Five journalists -- Michael Isikoff and Daniel Klaidman of Newsweek; Allen Lengel of The Washington Post; Toni Locy, formerly of USA Today; and James Swart, formerly of CBS News -- now risk being held in contempt of court if they refuse to comply with the judge's order.
Walton called Hatfill's case "strikingly similar" to that of Wen Ho Lee, the Los Alamos nuclear scientist investigated for espionage in 1999.
Like Hatfill, Lee brought a claim against the government under the Privacy Act and subpoenaed journalists to find out who in the government had leaked them information. The journalists in the Lee case were held in contempt of court and heavy daily fines were assessed against them by the judge, though the fines were stayed while the reporters appealed. Lee eventually agreed to settle his claim, and in an unprecedented arrangement, the media companies that employed the journalists agreed to contribute money to the settlement.
In the Hatfill decision Monday, Walton refused to recognize a federal common law privilege for journalists to decline to reveal their sources.
Walton said doing so "would erect a potentially insurmountable hurdle for a Privacy Act litigant seeking to hold the government accountable for leaks condemned by the Act."
The next item isn't new but its also related to a constitutional amendment. This 2003 GAO briefing for Congressman Markey titled DOE Reimbursement of Contractor Litigation Costs discusses the assertion of immunity under the Eleventh Amendment:
- A state university that is sued in the course of its operation of a DOE facility may be entitled to assert immunity under the Eleventh Amendment and other immunity-related defenses, such as being exempt from punitive damages under state law. (3) Whether a particular state university is entitled to assert such defenses depends on whether it qualifies as a state entity, which in turn depends on a variety of factors, such as whether the state is liable for judgments against the university, the nature of the functions the university is performing, and whether the university is a separate incorporated entity.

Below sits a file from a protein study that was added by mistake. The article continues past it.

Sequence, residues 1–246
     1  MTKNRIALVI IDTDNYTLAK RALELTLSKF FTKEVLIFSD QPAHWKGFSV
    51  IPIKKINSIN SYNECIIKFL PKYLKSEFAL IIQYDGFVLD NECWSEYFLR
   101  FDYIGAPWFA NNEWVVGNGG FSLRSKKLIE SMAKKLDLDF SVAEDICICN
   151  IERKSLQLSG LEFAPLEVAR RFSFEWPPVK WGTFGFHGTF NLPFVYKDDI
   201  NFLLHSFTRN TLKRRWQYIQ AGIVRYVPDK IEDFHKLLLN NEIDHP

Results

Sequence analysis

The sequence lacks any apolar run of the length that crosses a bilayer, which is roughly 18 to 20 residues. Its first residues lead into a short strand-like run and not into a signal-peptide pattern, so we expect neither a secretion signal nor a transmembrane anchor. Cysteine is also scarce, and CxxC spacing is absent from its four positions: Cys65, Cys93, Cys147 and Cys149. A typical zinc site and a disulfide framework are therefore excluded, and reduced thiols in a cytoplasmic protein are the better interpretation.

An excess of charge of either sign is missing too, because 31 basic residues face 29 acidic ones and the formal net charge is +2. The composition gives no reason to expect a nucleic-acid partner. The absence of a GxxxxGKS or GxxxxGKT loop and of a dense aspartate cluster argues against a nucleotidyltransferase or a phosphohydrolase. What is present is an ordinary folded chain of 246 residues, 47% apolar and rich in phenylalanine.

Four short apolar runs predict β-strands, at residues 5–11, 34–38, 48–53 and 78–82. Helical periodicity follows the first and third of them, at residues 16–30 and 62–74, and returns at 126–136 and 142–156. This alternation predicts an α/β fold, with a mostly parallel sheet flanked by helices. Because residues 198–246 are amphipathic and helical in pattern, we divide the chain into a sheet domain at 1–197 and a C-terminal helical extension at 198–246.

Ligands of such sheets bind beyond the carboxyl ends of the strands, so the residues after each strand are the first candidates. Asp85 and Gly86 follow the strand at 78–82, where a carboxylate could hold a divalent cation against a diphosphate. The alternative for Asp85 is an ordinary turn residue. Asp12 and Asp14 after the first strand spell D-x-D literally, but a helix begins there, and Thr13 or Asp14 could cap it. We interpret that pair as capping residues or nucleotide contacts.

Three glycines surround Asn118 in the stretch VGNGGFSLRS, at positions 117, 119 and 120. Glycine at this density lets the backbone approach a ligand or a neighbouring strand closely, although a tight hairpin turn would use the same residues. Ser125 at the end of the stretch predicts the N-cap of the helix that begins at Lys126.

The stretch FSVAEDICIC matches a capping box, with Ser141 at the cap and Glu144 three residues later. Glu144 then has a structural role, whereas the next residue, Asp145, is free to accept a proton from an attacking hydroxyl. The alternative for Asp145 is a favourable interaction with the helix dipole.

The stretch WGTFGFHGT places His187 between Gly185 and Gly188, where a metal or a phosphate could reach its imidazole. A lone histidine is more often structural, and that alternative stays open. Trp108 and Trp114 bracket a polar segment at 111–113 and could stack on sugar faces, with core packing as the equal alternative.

- The University of California is the only DOE contractor to use immunity as a defense. Officials at the university, which operates three DOE facilities—Los Alamos National Laboratory, Lawrence Livermore National Laboratory, and Lawrence Berkely National Laboratory—estimated that the university used Eleventh Amendment immunity in 8 of about 35 federal cases in 5-1/2 years. Also, officials at the University of California estimated that the university, in its role as a DOE contractor, has asserted other immunity-related defenses in at least 62 of about 137 cases, predominantly to defend against punitive damages.
Is the blog alive? Today was my first attempt to visit it, so I'm a novice at this sort of thing. I have the inside scoop on pending litigation that would be blog-worthy, regarding the inability of upper Laboratory Management to make a decision about a hiring action due to a near-relative concern. It's been 9 months, and still no answer. Yes or no, is it so hard? It's a wonderful case study of institutional paralysis. The employee's promotion hasn't been declined, just thrown in the swamp to decompose and create more bureaucratic stench... Sincerely, Anonymous